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BMW i7 electric car 2024 review: eDrive60 M Sport

Aug 09, 2023

Sure, the i7 isn't an SUV but a sedan like this needs to be roomy and comfortable, it also needs to be an ergonomic place to work for passengers in the back with laptops, and it needs to be well appointed with internet connectivity and charging outlets. A boot that can take at least two passenger's luggage is also vital.

The i7 has all of that covered with good legroom in the second row even for me at 189cm tall. I spent two hours back there writing my script for the video for this review while the i7 was charging.

As I typed away I had plenty of elbow room but I could have done with a tray table for the computer.

Solid is also a good word for the i7’s interior. (image: Richard Berry)

There's a wireless phone charger in the fold-down rear centre console, along with USB ports galore.

You'll find another wireless phone charger up front and more USB ports. The i7 also has its own internet hotspot.

The sumptuous seats in the rear are power adjustable and also heated, but lack a massaging function.

There's also rear dual-zone climate control and sun-blinds which cover the back and side windows.

Look at the seats in the images - they’re hotel lobby sized and I’m still uncertain how they managed to fit them through the i7’s doorway. (image: Richard Berry)

Cabin storage is good with large covered areas in the front and rear centre consoles, plus there are two cupholders in the rear and another two up front, with large door pockets, as well.

The cargo capacity of the boot is a healthy 500 litres but it's quite shallow due to the electric vehicle batteries eating into the luggage space.

The automatic doors can be opened several ways from the inside.

First there's a button inside which is high on the rear door and another on the dashboard which will open them automatically while using sensors to ensure they don't hit anything.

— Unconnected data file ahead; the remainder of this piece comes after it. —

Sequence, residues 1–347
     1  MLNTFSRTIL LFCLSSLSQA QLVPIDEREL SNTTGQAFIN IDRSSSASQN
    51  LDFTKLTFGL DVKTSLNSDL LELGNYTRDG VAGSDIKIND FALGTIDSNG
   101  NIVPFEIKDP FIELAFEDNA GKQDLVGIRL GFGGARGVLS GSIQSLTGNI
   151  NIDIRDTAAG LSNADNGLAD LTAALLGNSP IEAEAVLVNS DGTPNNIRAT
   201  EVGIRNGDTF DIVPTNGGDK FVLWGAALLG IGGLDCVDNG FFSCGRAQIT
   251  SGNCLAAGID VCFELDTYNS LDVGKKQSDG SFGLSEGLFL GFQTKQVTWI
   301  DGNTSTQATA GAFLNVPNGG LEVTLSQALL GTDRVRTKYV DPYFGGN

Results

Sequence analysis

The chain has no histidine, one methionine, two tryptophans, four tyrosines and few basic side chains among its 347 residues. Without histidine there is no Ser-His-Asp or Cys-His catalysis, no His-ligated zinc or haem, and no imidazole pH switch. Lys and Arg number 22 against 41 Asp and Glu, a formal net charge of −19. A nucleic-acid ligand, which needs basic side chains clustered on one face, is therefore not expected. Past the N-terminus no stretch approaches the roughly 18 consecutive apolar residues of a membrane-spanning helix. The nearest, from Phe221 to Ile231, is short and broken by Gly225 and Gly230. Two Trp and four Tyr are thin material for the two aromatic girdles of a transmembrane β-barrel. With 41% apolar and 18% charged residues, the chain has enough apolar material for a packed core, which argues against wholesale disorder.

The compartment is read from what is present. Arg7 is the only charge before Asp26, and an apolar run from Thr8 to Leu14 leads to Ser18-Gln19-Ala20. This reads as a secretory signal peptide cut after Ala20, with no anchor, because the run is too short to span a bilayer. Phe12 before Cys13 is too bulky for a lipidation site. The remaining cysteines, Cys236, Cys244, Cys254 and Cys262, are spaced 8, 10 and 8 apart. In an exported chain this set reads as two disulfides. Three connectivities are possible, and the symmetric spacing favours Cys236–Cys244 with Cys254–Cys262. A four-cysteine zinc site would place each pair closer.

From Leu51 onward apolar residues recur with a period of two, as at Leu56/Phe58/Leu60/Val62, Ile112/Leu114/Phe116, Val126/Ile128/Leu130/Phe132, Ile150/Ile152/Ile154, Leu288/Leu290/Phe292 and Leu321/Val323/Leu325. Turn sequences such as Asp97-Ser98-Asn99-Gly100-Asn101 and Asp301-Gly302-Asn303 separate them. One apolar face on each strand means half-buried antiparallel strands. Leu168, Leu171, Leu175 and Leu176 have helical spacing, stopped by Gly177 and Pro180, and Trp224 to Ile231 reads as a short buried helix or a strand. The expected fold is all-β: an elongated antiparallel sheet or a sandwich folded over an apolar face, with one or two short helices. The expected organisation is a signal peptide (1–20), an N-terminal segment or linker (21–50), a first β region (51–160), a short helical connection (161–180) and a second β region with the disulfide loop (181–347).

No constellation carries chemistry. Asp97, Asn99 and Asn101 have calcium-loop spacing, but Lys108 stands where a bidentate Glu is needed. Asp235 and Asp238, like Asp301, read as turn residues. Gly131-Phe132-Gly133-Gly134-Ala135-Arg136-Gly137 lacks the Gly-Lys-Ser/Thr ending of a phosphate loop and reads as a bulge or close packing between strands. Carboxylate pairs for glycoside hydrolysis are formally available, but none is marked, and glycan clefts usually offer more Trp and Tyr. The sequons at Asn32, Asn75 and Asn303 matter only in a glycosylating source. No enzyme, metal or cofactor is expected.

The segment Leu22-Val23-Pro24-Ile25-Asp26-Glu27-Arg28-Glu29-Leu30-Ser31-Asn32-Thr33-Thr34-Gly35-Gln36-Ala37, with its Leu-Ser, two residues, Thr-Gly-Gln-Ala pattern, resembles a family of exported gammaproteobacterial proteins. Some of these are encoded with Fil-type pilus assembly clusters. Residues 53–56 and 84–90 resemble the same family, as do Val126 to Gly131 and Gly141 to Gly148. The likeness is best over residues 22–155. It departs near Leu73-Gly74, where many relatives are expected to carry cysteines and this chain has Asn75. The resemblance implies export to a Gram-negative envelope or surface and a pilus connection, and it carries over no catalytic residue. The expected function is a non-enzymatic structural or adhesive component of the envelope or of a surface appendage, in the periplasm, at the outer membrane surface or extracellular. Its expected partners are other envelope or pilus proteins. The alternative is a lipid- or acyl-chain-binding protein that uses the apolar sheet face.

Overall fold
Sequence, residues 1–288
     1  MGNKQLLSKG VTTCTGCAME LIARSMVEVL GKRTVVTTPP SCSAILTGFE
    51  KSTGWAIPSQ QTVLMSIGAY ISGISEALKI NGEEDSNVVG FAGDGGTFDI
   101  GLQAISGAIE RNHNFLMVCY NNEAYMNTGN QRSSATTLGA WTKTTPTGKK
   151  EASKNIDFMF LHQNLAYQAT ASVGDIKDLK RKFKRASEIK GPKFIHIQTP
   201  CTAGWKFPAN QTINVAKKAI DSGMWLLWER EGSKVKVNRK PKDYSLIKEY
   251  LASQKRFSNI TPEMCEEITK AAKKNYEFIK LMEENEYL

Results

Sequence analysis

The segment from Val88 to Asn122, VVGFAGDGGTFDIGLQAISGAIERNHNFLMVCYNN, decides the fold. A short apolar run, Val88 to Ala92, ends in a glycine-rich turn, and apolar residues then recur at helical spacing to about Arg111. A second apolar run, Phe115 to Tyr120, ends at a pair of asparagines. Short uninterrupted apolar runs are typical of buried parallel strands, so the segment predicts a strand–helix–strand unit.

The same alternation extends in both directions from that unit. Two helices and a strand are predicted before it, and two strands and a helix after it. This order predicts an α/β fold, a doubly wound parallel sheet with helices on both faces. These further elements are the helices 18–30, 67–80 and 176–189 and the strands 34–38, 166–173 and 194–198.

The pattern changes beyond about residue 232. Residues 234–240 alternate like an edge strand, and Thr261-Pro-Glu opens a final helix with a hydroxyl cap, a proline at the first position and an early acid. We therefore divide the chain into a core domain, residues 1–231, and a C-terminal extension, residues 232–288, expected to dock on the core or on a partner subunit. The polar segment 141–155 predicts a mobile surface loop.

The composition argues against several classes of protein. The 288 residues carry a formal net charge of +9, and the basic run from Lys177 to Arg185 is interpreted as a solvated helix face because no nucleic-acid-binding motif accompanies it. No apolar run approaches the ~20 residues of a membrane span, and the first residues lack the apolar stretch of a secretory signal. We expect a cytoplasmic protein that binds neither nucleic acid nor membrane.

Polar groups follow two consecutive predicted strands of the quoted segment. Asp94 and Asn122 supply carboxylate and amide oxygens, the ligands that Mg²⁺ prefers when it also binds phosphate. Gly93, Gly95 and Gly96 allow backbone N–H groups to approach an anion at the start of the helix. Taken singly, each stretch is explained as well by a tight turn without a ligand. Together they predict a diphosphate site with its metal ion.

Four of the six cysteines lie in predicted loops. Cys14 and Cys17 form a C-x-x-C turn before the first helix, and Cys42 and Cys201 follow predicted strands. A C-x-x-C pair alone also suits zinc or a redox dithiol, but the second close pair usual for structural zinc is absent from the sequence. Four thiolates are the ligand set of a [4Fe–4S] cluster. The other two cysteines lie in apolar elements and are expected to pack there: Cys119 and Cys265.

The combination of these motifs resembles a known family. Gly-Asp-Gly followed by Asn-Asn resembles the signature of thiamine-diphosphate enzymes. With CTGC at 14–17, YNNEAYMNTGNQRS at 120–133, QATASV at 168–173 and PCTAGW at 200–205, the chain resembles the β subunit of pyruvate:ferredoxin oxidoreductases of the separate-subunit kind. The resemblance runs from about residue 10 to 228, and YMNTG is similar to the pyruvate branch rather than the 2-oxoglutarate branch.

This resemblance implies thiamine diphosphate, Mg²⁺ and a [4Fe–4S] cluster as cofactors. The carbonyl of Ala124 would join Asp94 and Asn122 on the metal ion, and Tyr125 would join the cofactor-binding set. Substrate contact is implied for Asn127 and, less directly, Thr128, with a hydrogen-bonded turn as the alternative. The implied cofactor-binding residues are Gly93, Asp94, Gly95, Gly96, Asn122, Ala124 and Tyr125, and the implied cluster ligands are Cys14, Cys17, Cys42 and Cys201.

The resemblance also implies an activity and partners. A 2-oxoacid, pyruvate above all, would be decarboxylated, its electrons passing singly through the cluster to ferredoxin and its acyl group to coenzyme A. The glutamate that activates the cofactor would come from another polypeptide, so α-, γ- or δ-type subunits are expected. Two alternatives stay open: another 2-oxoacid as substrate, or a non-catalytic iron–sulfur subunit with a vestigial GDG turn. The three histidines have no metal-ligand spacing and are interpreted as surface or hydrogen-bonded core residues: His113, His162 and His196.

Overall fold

Our car had the Merino Tartufo brown leather upholstery which suited the 1970s-style futuristic design of the seats. (image: Richard Berry)

There's another button much lower down which will pop the door open slightly for you to push it the rest of the way.

Finally there's an emergency handle which will override the electric opening.

You can open the doors from the outside automatically by pushing a button near the door handle or by using the exterior door handle normally.

Closing involves pressing the high placed button if you're inside or by tapping the exterior button on the outside door handle if you've exited the car.

We did have a door mishap twice during our week with the i7. The first was when bags placed on the front passenger seat bumped the release button and caused the door to pop open, followed quickly by me lunging across to pull it shut again. It's lucky my arms are long.

The second was when my eight-year old son bumped the door release button with his knee again popping open the door but this time at 110km/h on the motorway. He was able to close the door but it rattled both of us, understandably and I kept the child lock on for the rest of the week.

He's been in a different test vehicle every week of his life since he was born and this is the first time we've ever had a door open unintentionally like this. I've also never had a door open, just because a bag has leaned on it, either.

So, the auto door opening function might create a nice impression and make opening and closing the heavy doors easier, but I think manual doors would be more practical.